no-mayo asian coleslaw recipe

  • 5 cups shredded cabbage, broccoli and/or carrots
  • 3 scallions, whites and greens, sliced (or red onion)
  • 1 tablespoon finely chopped cilantro (optional)
  • 1 clove garlic, minced
  • 1 1-inch chunk of fresh ginger, minced (about 1 tablespoon)
  • 1 teaspoon white and/or black sesame seeds
  • 2 tablespoons soy sauce
  • 2 tablespoons seasoned rice wine vinegar
  • 2 tablespoons grape seed or canola oil
  • 1 teaspoon sesame oil
  • 1/2 cup sunflower seeds

Mix everything together thoroughly in a large bowl and refrigerate. Best if made at least one hour ahead of time.

This is such a simple recipe but it’s just packed with flavor. I always tell you, though – don’t be afraid to play with your food. Toss in some sliced almonds or peanuts for added crunch. Add some finely-chopped jalapeno for a bit of heat. Mix up your cabbages – napa, red, green or even some bok choy. Amp up the vitamin content with some steamed asparagus, broccoli, snow peas, and/or bell pepper. Hate cilantro? Try fresh mint or parsley, instead. Make it colorful and make it your own.

Also, if you’re into sprouts, this is great salad to throw some in to…bean, radish, broccoli…any or all of them would be wonderful.

Good, fresh, clean food doesn’t have to be complicated to be delicious. This is such a great salad, bursting with all kinds of good stuff. Cheers to coleslaw with no mayo! I hope you love it! Enjoy.

lola rugula asparagus and scallion frittata recipe

black pearls of deliciousness

Lentils have made a serious comeback in the last year or so. Okay, maybe not a kale-style comeback, but a comeback, nonetheless. I don’t want to turn you off from lentils by telling you this, but lentils are pretty darned good for you. Lentils health benefits include being a good source of soluble fiber and protein, along with being a great source of folate and magnesium. The beauty of black lentils is that they have a nuttier taste than regular legumes, plus their black coloring is thanks to anthocyanins, which is a powerful antioxidant.

Black Lentils are not the easiest thing to find, at least where I live, but I consistently find mine now at Bushel and Peck’s, in Beloit, WI.

Lentils are a member of the legume family but here’s the real beauty: you don’t need to soak lentils before cooking them. This makes them an easy and healthy side (or main, depending on how you prepare them) dish to compliment a quick meal. You can change this recipe up by adding different veggies, just keep the cooking of everything to a minimum, so you don’t end up with mushy veggies and lentils. If you’ve ever wondered how to cook lentils, this recipe is a great way to start.


Black lentils are also called Beluga lentils, due to their resemblance to the much pricier and brinier Beluga caviar. But here’s another bonus: black lentils are much, much cheaper. Do I have you loving these little black pearls yet?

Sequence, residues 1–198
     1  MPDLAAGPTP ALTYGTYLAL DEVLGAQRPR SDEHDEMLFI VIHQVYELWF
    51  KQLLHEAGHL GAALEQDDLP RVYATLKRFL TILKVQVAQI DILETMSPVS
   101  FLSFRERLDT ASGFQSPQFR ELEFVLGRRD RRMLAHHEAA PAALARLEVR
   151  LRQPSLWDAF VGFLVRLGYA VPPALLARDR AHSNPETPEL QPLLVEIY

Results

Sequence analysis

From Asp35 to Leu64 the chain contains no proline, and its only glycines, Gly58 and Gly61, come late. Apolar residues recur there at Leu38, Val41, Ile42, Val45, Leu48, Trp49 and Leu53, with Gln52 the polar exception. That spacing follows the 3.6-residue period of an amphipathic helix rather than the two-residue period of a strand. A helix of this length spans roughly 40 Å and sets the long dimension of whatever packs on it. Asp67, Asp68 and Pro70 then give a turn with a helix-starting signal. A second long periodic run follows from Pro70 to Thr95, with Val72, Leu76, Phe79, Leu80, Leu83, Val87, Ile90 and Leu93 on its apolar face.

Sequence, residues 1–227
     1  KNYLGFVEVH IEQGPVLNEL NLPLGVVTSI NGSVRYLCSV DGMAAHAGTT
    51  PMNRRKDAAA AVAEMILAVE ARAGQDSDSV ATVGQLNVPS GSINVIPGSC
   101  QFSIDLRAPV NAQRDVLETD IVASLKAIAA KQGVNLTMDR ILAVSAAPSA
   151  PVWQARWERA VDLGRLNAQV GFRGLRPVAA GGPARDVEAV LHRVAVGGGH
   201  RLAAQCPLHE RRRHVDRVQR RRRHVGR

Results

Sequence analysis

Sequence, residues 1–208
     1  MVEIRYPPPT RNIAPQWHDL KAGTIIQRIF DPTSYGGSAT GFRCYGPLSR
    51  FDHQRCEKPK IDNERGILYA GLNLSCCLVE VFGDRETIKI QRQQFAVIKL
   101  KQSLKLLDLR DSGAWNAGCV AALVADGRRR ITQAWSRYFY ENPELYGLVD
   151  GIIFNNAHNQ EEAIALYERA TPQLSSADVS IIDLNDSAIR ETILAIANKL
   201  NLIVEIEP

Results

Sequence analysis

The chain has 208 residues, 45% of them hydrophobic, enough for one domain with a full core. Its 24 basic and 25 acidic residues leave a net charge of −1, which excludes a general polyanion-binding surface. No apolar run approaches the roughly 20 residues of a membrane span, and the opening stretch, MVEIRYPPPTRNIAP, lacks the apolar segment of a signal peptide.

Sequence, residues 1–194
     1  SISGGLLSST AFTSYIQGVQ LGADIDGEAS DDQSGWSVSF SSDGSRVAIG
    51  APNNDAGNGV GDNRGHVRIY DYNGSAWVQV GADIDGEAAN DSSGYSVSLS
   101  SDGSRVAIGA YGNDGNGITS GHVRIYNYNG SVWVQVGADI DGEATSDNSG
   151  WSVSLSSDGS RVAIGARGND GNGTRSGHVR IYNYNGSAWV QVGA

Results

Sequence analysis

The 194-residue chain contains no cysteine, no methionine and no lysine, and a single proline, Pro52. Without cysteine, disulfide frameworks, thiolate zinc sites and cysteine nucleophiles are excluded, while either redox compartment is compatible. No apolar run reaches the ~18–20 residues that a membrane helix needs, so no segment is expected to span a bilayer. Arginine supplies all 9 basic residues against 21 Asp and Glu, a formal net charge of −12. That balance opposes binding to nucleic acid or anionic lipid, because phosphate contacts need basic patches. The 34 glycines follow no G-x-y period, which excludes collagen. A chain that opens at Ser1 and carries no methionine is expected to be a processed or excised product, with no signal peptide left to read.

braised black lentils with garlic, carrots, celery and herbs recipe

  • 2 tablespoons olive oil
  • 1 large clove garlic, minced
  • 1/2 cup diced onion
  • 1/2 cup thinly sliced or diced carrots
  • 1/4 cup diced celery
  • pinch fresh or dried thyme
  • 1 cup black (beluga) lentils
  • 1 and 3/4 cups vegetable stock
  • salt and pepper to taste
  • 1 tablespoon chopped fresh parsley
  • 1 tablespoon chopped fresh chives

Heat olive oil in a medium-sized sauce pan, over medium heat. Add garlic, onions, carrots and celery and cook just until onions begin to become translucent and carrots begin to soften, about 10 minutes, stirring occasionally.

Add thyme and lentils and stir well, to coat lentils. Continue to cook for about 5 minutes, stirring frequently.

Add stock, salt and pepper and bring to a low boil. Reduce heat to low, cover, and cook until most of the liquid has been absorbed, about 30 minutes. Stir in fresh herbs. Remove from heat, remove lid, let sit about 5 minutes. Fluff with fork and serve.

You don’t want to over-stir these once the lentils have cooked, or you’ll end up mushing them up, which isn’t very attractive. (But they’re still delicious!)

how-to-cook-black-lentils-recipe-lola-rugulaI really hope this post inspires you to try black lentils. They really are easy and delicious and this is a very easy black lentil recipe to prepare for a weeknight dinner.

how-to-cook-black-lentils-recipe-lola-rugulaI made these the other night as a side to Moroccan-spiced duck breast and braised leeks and they were a perfect, nutty foil to the richness of the duck breast.

Don’t be afraid to try new things and never, ever be afraid to play with your food. This recipe is also great cold, as a side salad. Just add the fresh herbs after you’ve removed the lentils from the heat, so you get the real “fresh herb” flavor.